It also has it here http://www.gnu.org/licenses/rms-why-gplv3.html
on reasons why to
upgrade version 3.
On Saturday, 7 February 2015, 22:21, Tyler Romeo <tylerromeo(a)gmail.com> wrote:
I’ve been meaning to make this thread for a while. I also believe we should switch over
to GPL 3.
== Reasons to switch ==
First, to address the reason of why, there are a couple of reasons.
=== Language changes ===
Much of the language of the license has been rewritten or changed. Specifically so that:
a) it is more international and not using US-specific wording (e.g., “conveying”); and
b) certain things have been clarified due to changes in the Internet and technology over
As an example, GPLv2 requires that when distributing software that the source code be
provided *on a physical medium*. The GPLv3 relaxes this and allows an offer of providing
source code via network transmission, as we are doing right now.
=== License compatibility ===
The GPLv3 was adjusted so that it is compatible with more free software licenses. The
Apache 2.0 license and the XFree86 license are only compatible with the GPLv3, not v2.
=== Termination upon infringement ===
This is actually a pretty important one. The GPLv2 has a clause that upon a licensee
violating the GPL, their entire license is immediately terminated, and may only be
reissued by the licensor. This is obviously a troublesome legal situation in FOSS projects
because now a licensee has to seek permission to use the software from the possibly
hundreds of contributors, each of whom is an individual and independent licensor for the
In GPLv3, this is fixed by allowing infringers to resume distribution of the software if
they cease all violations. In other words, while the copyright holder can still, if they
so desire, explicitly terminate the license after a violation, in most cases the licensee
can make remedies and automatically continue distribution.
=== Addition FOSS protections ===
As other people have previously stated, the GPLv3 adds additional restrictions to protect
against trademark law, patent law, and sub-licensing. I won’t go too much into it, because
I don’t know the details, but it basically is an attempt to prevent the aforementioned
from imposing additional restrictions on redistributors.
== What MediaWiki should do ==
=== Changing our license ===
Just to specifically address the process that would be involved, all our current code can
be licensed under the GPLv2 or any later version. Thus it would be trivial to just
“redistribute” all of the code under the GPLv3. Yes, all the original code would still be
licensed under the GPLv2 as well, since that was what it was contributed under, but any
copy obtained from the Wikimedia Foundation would be under v3 since that is what the WMF
would be distributing.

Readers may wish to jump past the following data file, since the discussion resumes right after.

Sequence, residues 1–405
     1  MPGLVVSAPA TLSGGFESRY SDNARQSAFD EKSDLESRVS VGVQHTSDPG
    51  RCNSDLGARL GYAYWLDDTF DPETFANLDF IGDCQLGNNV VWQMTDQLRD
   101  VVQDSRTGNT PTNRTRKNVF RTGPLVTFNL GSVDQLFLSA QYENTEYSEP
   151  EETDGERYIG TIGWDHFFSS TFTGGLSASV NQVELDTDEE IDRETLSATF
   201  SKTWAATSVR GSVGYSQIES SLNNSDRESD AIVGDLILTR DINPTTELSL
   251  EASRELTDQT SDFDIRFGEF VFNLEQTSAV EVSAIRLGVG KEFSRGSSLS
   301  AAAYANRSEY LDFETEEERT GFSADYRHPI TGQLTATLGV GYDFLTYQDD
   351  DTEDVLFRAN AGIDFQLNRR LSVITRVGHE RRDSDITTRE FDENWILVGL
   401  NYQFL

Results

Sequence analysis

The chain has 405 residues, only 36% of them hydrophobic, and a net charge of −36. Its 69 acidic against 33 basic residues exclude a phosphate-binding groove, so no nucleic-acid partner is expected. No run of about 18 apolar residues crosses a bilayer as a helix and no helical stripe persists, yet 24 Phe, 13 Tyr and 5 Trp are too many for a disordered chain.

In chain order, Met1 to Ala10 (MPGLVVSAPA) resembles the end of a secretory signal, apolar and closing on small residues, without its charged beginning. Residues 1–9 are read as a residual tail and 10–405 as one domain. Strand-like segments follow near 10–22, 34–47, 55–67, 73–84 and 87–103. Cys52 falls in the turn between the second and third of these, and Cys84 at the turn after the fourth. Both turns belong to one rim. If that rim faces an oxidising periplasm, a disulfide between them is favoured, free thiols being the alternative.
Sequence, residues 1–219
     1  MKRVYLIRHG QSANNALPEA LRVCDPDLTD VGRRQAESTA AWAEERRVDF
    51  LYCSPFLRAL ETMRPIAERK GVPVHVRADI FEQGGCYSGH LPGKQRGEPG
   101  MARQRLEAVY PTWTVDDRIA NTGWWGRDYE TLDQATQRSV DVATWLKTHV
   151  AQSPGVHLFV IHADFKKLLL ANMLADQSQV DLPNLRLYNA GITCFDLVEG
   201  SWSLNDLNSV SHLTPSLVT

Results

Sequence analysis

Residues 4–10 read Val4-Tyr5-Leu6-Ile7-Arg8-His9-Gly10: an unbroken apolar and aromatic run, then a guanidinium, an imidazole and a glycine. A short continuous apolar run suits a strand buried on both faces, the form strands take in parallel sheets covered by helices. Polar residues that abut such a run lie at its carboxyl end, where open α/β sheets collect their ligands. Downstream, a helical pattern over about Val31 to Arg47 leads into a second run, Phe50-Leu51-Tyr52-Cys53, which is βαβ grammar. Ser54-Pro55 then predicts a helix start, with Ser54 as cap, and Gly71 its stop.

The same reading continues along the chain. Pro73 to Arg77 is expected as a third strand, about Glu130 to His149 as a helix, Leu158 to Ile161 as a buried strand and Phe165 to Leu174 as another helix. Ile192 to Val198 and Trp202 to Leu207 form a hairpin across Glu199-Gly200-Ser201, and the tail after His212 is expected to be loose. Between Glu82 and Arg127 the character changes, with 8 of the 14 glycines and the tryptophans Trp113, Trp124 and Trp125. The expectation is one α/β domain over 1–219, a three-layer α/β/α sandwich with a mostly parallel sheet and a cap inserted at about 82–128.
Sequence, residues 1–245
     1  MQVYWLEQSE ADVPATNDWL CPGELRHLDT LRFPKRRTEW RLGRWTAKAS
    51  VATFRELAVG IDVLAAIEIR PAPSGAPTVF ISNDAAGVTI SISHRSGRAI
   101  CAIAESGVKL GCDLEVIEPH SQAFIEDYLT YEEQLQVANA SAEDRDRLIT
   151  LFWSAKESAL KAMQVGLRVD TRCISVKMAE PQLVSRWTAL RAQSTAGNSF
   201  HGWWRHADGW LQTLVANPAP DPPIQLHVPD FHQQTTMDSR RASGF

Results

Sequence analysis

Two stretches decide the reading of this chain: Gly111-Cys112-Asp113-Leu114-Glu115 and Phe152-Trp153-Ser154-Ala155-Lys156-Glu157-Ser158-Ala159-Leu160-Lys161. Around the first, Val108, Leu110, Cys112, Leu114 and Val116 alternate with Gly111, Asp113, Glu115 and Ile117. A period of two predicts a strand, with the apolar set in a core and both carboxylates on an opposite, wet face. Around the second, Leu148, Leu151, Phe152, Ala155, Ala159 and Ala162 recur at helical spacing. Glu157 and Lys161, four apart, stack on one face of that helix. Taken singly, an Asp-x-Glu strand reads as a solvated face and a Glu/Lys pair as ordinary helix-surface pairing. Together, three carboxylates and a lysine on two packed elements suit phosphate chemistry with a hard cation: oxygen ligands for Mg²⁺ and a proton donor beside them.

In addition, by doing so we’d require all further changes to be contributed under the
GPLv3 or a compatible license, which, as aforementioned, is actually more licenses than
could be done under the v2.
=== Which license? ===
I’m going to be honest, I think it is non-controversial to change over to GPLv3. It isn’t
really more restrictive than v2 (patent law and DRM don’t really apply to us). If
anything, it is actually an easier-to-implement license, since now the WMF has less
responsibilities in terms of source code offering, etc.
**However**, I’d like to take this opportunity and jump a step further. What would
everybody think of switching to the AGPLv3 instead? The advantage that this provides, for
those who don’t know, is a single additional restriction: when the software is used over
the network, source code must still be provided. In other words, the requirements all
remain the same (providing a copy of the source code, ensuring all modifications are also
GPLed, etc.). The only difference is that the requirements take effect over the Internet
rather than only when the software is distributed in object code form.
The situation this protects against specifically is if a vendor does the following:
1) Download MediaWiki
2) Make a change to the software that they want to keep secret
3) Run the new MediaWiki on their servers, but never give out the source code
Technically, this is compliant with the license, because a distributor only has to provide
corresponding source code if a user is given object code, which in the case of a web
application, they are not. The AGPL protects against this by requiring provision of source
code to the end-user web clients. Of course, the source code can be “provided” in the form
of a simple link to another website on which to download the code.
On February 7, 2015 at 16:08:16, Bartosz Dziewoński (matma.rex(a)gmail.com) wrote:
MediaWiki is already available under GPL 2 *or any later version*. Why
would we want to disallow distribution under GPL 2?
(Not that it's even possible. We could only state that new changes to
MediaWiki code are only available on GPL 3+, we can't re-license existing
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